On Memorial Day I am not posting any memes or graphics or sayings praising all veterans for "keeping me safe" or for their "sacrifice".
In my heart I have three memorial days:
1. I praise anyone who fought and died actually protecting America's freedom:
The American Revolution
The War of 1812
The Civil War union side. Confederates can suck it.
2. There is a spot in my heart for those who were conscripted, then forced to fight and die for bad foreign policy decisions:
Korean Police Action
3.After 1973, we have had an all-volunteer military. And none of the actions the government has committed troops to have safeguarded my freedom. In the case of Iraq and Afghanistan, just the opposite. I don't mourn the soldiers who volunteered to blindly follow orders and were killed in the process.
Emotionally, though, I am an American. Let me tell you a short story.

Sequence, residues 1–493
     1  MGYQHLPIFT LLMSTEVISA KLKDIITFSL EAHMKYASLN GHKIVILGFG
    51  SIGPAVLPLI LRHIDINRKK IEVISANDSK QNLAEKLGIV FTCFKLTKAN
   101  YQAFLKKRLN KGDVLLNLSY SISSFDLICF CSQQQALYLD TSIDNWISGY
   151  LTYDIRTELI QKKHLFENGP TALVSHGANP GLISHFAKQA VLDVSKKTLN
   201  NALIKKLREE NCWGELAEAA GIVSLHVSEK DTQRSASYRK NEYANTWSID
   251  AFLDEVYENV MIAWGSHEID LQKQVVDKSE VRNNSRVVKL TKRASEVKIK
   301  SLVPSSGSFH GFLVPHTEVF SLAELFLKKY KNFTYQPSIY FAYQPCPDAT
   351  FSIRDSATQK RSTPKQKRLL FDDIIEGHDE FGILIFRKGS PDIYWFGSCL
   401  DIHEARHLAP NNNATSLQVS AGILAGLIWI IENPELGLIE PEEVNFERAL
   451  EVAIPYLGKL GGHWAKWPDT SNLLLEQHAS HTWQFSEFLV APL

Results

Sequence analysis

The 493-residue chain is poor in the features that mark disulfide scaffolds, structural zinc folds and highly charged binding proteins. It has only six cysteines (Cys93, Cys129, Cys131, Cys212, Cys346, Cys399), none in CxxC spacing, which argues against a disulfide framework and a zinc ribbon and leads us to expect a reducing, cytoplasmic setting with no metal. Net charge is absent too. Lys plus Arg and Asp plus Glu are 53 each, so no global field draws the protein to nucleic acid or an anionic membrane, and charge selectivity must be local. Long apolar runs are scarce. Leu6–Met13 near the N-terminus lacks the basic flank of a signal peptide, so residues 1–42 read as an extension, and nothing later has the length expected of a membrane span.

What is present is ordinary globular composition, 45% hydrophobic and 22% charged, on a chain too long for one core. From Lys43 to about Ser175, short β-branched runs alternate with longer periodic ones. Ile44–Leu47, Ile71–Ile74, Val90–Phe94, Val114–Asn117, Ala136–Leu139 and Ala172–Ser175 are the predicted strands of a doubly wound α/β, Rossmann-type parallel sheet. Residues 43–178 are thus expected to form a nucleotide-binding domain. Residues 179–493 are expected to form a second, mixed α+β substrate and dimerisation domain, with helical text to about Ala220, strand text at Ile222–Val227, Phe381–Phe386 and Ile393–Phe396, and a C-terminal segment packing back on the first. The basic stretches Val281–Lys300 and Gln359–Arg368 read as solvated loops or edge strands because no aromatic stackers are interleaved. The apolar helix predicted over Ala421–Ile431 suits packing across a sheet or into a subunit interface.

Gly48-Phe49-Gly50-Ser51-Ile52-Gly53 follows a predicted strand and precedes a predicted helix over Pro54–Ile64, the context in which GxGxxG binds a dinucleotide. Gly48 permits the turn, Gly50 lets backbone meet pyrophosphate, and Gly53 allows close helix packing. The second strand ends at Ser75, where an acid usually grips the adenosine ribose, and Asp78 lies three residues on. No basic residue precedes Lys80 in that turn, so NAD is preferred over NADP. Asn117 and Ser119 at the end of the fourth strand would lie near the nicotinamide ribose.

In 1977, I had been working in southern Thailand for about a year, at a Thai agricultural research center in the middle of a forest of rubber trees. For the first couple of months there was a group of scientists and administrators from the UN, but no Americans other than myself. I lived on campus, ate and partied with my co-workers, and had almost no contact with anything Officially American. I had some business at the US consulate in Songkhla, a few miles from the research center, and the bus only went as far as the center of town. There was a hill between me and the consulate. As I walked up the road and started to crest the hill, I saw the huge American flag flying above the consulate. In that moment, it felt like I was home.